As the second largest school district in the State of Delaware, the Red Clay Consolidated School District serves approximately 16,000 students in 14 elementary schools, five middle schools, three high schools, four special schools, one performing arts school, and three charter schools. Together, these 25 facilities have a combined total of more than 2.8 million square feet of space. Using the district's mission to deliver a quality education in a safe and secure learning environment as a starting point, Red Clay established an Energy Excellence Program in 2004 to address the difficult problems of a strained district budget and skyrocketing post-deregulation energy costs. Red Clay's Energy Excellence Program encourages using energy efficiently and purchasing energy competitively. The district instituted heating and cooling temperature set points, building schedules and equipment operating procedures, and guidelines for lighting, personal appliances, and other equipment. Red Clay also became the first state agency to purchase electricity from third party vendors. This arrangement enables the district to purchase approximately two-thirds of its electricity from a variety of vendors, which is sold at fixed prices for varying lengths of time, and one-third at the real time cost. A percentage of the money saved from these efforts is given back to individual buildings to enhance the learning environment for students.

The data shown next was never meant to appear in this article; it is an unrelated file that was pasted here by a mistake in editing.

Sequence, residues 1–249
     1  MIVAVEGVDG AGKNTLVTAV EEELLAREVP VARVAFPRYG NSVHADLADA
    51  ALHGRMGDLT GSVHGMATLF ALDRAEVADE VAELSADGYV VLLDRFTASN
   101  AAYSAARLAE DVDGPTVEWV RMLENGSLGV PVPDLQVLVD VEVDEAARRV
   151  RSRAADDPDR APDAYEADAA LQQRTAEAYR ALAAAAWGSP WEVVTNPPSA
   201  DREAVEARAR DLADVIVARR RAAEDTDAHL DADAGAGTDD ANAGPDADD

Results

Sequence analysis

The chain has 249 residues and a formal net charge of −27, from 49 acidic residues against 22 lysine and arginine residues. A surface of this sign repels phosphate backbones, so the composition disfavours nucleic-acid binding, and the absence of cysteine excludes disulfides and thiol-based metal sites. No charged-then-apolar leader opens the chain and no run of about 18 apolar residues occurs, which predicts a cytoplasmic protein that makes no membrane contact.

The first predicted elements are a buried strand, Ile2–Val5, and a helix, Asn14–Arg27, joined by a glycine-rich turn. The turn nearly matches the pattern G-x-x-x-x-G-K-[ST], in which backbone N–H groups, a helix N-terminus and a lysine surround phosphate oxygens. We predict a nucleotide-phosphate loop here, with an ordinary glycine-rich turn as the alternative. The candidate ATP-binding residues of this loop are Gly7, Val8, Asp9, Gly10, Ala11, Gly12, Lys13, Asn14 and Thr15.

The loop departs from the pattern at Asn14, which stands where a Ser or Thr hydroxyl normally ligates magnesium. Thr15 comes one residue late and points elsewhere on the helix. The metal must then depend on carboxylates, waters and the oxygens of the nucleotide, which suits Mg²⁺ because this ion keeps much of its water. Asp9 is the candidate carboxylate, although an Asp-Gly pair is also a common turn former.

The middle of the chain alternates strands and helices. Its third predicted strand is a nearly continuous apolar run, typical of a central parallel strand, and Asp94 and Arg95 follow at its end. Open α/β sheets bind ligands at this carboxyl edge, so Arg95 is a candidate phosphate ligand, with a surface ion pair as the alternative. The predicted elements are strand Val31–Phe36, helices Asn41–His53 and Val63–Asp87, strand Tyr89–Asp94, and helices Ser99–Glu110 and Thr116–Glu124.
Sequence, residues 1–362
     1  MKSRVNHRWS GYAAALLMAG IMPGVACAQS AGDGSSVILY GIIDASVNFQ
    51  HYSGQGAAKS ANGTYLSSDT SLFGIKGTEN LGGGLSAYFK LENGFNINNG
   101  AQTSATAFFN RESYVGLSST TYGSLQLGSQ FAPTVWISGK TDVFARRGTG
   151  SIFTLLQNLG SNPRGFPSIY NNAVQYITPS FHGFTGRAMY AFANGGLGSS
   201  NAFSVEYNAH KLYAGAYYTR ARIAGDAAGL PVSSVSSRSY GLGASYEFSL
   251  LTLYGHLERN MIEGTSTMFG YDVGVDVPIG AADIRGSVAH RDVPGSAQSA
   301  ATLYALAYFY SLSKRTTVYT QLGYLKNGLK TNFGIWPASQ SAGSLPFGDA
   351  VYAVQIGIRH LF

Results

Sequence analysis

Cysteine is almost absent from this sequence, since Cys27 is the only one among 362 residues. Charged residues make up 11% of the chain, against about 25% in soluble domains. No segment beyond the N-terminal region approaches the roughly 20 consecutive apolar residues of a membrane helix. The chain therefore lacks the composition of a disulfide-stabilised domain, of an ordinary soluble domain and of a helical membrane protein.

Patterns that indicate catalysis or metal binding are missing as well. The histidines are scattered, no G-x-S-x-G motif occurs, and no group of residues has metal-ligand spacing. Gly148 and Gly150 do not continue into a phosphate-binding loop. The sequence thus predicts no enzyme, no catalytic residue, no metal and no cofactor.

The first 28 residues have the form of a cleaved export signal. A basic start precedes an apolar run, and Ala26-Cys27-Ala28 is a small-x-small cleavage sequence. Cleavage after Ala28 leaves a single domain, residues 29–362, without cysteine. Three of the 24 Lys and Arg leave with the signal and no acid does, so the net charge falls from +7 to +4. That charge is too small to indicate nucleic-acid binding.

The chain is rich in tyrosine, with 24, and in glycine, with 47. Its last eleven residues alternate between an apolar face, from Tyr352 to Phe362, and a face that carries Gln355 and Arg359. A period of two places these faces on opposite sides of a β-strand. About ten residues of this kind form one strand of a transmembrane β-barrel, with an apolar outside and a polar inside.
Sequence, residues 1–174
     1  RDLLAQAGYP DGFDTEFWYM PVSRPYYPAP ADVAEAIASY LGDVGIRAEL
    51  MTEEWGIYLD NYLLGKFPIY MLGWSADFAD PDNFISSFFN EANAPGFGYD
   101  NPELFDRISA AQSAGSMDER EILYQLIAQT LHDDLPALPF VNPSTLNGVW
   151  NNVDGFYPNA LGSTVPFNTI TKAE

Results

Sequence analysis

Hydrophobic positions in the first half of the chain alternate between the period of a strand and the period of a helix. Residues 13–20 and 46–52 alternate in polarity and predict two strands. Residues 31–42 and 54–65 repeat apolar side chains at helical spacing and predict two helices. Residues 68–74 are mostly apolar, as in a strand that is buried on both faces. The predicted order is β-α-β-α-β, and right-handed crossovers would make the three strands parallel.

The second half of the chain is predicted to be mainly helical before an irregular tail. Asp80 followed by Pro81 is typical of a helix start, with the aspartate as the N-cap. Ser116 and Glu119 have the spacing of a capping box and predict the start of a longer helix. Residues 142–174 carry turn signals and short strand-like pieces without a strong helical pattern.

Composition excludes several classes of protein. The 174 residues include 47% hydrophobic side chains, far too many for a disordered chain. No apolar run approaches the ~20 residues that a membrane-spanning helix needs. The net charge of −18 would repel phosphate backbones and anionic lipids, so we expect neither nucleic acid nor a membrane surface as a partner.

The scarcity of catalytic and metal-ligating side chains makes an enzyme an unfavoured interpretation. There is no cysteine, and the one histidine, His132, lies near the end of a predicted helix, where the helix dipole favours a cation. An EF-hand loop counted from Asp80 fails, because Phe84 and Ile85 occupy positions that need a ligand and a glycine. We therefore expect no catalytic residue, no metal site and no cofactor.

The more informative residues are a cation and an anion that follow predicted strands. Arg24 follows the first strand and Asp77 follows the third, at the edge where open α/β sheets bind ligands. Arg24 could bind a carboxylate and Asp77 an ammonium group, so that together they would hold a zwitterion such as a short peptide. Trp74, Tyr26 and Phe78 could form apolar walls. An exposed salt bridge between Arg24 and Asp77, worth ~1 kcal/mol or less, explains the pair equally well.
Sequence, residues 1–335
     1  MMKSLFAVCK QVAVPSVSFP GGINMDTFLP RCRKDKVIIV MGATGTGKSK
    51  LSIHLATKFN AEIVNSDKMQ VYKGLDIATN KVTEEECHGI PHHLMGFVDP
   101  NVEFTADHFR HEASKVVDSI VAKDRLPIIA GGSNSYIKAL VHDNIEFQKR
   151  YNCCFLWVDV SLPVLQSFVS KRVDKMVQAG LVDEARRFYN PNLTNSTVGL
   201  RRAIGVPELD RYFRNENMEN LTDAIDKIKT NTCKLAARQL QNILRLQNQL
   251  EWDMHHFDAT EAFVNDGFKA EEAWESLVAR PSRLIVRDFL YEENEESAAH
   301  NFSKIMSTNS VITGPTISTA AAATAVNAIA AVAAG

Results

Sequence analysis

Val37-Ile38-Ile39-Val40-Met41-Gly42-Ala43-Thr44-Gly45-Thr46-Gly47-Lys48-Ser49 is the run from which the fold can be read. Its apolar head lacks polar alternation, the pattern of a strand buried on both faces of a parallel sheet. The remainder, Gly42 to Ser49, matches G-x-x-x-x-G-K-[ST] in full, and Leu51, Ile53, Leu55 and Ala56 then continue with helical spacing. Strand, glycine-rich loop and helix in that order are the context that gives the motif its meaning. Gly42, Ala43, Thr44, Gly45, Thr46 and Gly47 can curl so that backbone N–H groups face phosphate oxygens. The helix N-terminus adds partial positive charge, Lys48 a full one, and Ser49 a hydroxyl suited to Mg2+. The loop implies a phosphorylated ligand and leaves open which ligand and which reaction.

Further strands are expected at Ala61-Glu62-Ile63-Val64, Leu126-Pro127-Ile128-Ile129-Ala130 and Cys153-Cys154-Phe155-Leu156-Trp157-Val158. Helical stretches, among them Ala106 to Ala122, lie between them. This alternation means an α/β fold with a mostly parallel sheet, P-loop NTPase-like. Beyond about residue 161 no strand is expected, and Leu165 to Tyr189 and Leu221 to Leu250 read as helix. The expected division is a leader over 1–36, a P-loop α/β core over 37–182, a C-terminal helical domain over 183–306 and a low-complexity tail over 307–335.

Using EPA's Portfolio Manager, the district plans to continue tracking the progress of individual schools as it completes renovations and works to further increase energy savings. Since 2004, the program has succeeded in improving district energy efficiency by more than 30 percent, achieving a district-wide energy rating of 76 and earning Red Clay recognition as an ENERGY STAR Leaders Top Performer. The district's energy management strategy has yielded a cumulative savings of more than $4 million and a decrease in CO2 emissions of more than 4,000 metric tons in the last year alone, the equivalent of the emissions from more than 800 cars or the planting of more than 1,000 acres of trees.